FinTech sets its sights on Asia

Written by: Currency Cloud
Published on: September 07, 2015

In July, the Prime Minister set off on a trade mission to Asia to beat the UK FinTech drum, along with business leaders from British companies such as Aviva, Rolls Royce and Lloyds of London. Speaking ahead of the trip, Cameron highlighted that “over the next 20 years, 90% of global growth is expected to come from outside Europe and Britain must be poised to take advantage.”

We’ve had Asia in our sights for some time now and our latest funding round, including investment from Rakuten’s FinTech Fund unlocks a significant and strategic new opportunity for us. Outside of Japan, Rakuten is best known as an e-commerce firm, but it has also been enormously disruptive in re-imagining the financial services arena. Their involvement adds a new dimension to our global ambition as we consolidate relationships with technology and banking partners. We’re not the only ones looking East - it’s clear that there’s already a huge appetite for FinTech in the Asian market.

Last year, Accenture took its FinTech Innovation Lab to APAC, to help encourage start-up growth in the area, following the success of the programme in London and New York. More recently, Startupbootcamp, Europe’s leading accelerator program for start-ups, also made its way to Singapore to provide funding, mentorship and access to a global network of investors and VCs, for up to 10 selected FinTech start-ups. Just last month, London based private equity firm Apis Partners announced a fund of $157 million focused on developing FinTech start-ups in Asia and Africa. For UK FinTech firms wanting to spread their wings beyond the UK and the US, Asia is an exciting prospect indeed.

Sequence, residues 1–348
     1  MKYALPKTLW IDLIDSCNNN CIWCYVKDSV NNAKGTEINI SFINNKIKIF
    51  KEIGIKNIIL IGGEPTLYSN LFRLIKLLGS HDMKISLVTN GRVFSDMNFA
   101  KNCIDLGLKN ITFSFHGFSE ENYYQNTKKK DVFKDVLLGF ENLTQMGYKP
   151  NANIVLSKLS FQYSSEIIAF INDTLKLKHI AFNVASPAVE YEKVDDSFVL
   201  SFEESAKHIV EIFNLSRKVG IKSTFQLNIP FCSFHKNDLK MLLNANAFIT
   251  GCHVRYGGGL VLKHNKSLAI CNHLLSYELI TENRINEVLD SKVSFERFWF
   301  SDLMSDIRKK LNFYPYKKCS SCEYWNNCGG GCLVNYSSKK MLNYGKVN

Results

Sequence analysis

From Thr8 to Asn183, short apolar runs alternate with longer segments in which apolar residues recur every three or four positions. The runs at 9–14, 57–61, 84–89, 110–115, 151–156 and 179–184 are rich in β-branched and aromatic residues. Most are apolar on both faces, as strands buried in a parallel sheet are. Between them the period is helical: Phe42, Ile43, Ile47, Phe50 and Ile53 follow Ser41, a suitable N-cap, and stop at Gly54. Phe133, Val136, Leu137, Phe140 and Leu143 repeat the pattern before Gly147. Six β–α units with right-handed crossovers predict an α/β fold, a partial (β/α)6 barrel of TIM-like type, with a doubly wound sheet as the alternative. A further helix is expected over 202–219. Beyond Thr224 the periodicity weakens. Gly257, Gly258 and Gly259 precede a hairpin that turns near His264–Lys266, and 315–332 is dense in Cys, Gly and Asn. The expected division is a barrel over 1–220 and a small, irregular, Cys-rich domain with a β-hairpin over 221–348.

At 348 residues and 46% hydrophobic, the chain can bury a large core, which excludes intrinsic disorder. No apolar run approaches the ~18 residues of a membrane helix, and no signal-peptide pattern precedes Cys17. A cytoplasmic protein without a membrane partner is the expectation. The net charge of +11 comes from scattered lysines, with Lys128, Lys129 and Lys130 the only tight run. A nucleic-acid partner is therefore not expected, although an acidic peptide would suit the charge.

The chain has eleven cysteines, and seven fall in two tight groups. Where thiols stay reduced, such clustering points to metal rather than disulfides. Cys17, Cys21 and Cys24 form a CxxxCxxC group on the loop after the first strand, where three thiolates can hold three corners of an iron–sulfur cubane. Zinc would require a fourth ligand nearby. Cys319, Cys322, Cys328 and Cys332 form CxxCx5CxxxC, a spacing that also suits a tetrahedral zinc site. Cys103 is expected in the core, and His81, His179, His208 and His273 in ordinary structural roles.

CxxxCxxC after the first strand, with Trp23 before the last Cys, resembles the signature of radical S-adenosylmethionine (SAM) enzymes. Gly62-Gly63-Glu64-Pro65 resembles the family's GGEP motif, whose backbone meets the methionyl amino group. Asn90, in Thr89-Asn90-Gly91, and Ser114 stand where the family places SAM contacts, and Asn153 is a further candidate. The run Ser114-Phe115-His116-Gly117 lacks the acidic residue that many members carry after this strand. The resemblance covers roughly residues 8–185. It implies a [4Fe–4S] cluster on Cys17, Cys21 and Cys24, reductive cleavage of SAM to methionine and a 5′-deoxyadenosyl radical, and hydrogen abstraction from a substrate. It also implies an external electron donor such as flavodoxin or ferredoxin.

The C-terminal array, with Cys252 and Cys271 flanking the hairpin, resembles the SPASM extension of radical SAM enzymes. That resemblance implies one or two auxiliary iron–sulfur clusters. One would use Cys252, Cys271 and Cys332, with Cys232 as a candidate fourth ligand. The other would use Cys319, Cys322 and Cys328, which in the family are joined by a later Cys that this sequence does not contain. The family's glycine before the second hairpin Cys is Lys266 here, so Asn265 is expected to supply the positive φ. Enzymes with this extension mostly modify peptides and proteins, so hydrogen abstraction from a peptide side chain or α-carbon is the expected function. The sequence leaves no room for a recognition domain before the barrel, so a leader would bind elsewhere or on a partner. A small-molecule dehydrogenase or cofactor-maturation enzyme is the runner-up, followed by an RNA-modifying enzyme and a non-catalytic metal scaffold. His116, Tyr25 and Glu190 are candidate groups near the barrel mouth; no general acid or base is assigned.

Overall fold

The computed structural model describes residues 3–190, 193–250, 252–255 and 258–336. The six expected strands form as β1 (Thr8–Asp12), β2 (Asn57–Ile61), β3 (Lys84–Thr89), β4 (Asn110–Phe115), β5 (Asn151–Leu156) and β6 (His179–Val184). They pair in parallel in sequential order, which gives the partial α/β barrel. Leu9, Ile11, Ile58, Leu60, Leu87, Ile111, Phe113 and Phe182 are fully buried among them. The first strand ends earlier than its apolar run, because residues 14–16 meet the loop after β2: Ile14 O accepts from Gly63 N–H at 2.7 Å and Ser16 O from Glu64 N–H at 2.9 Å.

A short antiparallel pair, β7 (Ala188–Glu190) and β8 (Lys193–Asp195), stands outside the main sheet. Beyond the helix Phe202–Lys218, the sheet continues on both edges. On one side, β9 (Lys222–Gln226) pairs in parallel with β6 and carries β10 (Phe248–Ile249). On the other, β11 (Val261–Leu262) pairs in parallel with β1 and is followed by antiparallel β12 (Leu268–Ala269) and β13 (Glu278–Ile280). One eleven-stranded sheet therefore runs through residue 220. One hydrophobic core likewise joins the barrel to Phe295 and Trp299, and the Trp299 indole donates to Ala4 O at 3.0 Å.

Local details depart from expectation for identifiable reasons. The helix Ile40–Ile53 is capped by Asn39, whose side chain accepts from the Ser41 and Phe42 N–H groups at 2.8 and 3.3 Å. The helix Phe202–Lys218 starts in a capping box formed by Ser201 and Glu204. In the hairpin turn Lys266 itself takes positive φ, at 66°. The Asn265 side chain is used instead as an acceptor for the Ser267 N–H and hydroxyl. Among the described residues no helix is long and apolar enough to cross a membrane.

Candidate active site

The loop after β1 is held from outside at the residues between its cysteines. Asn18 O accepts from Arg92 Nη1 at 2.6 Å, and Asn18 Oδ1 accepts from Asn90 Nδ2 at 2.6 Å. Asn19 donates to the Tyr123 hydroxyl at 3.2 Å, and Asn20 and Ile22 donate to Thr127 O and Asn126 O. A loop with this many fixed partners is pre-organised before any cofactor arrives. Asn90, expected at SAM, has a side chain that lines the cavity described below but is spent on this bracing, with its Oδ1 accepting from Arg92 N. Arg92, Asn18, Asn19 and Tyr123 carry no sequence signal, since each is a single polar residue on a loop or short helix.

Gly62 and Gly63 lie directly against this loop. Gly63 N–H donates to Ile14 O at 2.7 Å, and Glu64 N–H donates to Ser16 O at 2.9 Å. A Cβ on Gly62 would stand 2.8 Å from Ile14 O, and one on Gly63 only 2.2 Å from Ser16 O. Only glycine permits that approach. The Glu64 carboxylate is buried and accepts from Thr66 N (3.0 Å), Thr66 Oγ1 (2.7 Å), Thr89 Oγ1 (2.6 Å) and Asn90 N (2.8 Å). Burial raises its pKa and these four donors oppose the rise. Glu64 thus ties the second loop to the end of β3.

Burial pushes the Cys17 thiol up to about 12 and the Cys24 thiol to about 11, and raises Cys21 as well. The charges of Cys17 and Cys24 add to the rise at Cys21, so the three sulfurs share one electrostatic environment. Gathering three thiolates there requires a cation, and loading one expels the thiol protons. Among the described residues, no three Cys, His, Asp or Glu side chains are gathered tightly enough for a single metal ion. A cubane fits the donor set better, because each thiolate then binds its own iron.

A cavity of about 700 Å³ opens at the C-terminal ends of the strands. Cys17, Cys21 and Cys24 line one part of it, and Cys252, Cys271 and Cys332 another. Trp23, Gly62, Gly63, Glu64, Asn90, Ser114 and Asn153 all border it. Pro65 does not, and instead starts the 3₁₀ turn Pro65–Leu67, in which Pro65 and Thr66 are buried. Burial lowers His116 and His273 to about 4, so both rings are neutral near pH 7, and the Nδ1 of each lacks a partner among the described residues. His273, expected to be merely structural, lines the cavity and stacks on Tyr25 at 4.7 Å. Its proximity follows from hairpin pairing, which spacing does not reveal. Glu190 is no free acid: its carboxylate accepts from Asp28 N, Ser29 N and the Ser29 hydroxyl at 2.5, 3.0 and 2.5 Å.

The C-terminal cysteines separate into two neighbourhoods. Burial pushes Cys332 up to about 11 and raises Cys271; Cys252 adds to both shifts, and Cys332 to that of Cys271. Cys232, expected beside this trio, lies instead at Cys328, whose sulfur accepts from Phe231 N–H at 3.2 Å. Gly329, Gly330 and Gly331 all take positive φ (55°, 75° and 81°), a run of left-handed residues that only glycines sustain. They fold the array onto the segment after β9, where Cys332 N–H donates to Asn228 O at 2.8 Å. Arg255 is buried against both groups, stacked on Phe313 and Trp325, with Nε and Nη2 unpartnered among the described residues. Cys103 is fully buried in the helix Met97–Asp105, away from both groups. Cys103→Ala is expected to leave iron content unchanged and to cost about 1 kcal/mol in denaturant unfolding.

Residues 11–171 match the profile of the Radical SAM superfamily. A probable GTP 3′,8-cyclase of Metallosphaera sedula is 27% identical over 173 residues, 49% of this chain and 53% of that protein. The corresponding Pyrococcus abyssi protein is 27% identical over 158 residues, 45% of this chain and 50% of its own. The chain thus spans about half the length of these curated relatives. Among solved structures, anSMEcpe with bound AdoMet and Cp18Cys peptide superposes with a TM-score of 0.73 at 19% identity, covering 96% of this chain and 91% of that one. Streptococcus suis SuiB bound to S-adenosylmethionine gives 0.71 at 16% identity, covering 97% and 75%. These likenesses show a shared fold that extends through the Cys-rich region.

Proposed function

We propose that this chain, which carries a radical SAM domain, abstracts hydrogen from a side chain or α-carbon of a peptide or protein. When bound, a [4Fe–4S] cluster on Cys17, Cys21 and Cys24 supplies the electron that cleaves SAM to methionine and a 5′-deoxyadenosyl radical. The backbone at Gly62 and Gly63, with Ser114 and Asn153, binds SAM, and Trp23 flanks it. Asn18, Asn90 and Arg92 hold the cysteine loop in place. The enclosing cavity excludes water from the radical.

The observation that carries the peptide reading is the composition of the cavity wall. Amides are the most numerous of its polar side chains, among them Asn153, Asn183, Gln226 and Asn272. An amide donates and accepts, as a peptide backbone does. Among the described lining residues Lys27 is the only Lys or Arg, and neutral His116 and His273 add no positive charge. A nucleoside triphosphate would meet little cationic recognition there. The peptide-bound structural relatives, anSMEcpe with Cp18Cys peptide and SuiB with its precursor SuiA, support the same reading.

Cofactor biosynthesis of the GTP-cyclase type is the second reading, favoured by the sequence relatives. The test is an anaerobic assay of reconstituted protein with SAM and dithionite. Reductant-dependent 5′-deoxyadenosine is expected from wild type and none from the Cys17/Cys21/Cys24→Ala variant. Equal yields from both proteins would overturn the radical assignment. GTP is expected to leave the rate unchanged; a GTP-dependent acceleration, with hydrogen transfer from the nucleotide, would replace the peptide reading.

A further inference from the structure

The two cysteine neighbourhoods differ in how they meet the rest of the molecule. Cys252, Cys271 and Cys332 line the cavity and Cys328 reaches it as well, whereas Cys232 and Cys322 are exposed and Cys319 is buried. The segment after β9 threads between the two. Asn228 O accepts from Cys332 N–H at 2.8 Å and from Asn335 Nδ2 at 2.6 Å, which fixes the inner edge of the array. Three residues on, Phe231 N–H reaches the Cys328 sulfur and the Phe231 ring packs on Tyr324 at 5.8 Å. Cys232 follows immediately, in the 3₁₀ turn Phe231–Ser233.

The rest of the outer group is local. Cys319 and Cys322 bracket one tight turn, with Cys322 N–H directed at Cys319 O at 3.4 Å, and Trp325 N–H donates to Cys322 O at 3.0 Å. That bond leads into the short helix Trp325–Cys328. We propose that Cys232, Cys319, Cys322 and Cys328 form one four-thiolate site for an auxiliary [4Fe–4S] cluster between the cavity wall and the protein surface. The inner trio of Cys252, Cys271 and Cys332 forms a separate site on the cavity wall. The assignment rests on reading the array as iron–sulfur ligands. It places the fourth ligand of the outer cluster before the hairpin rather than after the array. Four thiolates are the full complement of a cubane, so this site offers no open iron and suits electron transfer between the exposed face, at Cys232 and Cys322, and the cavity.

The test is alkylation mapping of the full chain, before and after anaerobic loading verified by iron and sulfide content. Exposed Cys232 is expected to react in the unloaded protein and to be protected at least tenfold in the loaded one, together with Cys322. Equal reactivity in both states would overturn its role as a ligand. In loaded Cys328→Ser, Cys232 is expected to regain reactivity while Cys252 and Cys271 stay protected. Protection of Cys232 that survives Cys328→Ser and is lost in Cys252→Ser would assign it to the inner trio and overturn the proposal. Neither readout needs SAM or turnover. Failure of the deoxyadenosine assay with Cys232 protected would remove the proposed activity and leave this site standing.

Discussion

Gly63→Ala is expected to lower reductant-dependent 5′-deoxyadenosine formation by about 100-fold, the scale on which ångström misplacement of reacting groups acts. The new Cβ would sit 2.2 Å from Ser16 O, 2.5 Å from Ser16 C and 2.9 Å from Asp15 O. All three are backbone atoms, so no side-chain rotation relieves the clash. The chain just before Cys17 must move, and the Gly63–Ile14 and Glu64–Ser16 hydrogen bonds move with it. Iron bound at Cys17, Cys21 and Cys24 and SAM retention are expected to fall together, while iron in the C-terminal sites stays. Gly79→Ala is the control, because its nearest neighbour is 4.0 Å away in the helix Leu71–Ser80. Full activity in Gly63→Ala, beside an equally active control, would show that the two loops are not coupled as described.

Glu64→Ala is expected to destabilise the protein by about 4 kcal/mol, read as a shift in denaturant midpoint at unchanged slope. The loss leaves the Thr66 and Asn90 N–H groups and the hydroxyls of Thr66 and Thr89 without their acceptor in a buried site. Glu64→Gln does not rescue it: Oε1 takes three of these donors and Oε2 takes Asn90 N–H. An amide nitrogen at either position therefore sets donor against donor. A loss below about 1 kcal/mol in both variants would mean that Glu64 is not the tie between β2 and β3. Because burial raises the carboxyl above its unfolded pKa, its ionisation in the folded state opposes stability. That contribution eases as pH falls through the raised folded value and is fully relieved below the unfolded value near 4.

In many ways, the Asian market is a completely different ballgame to the UK, different regulators, different challenges, but there are also some big similarities. The digital revolution has broken down barriers between countries, and between industries. The financial flows that we see moving across the world is just one measure of global interconnectedness. International commerce means international payments – a growth area that is not restricted to the growth of the ‘host’ economy, but has almost infinite potential.

The UK is rapidly growing its reputation as the FinTech capital of the world. However, if UK FinTech firms are to become truly global, they must make the most of the opportunities available out there, and be prepared to be ambitious looking beyond Europe and the US. We are enormously excited to be building links in Asia, with a view to expanding our business in this market over the next few years.